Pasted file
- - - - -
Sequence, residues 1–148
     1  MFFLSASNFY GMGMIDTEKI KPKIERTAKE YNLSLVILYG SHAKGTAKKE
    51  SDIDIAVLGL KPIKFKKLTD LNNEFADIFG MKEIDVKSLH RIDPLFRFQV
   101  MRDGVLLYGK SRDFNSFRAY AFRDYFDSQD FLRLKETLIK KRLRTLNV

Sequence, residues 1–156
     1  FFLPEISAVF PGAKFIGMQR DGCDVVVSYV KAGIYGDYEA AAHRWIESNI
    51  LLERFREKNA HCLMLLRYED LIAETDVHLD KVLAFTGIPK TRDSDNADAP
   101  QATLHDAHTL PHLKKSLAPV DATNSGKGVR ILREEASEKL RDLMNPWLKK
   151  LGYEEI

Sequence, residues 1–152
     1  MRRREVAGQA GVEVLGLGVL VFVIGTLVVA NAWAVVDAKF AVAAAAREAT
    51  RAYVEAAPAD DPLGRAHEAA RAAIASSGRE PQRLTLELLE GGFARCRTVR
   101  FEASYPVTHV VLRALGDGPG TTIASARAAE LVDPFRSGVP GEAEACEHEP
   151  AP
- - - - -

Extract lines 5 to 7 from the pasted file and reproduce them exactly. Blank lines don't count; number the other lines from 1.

Sequence, residues 1–156
     1  FFLPEISAVF PGAKFIGMQR DGCDVVVSYV KAGIYGDYEA AAHRWIESNI
    51  LLERFREKNA HCLMLLRYED LIAETDVHLD KVLAFTGIPK TRDSDNADAP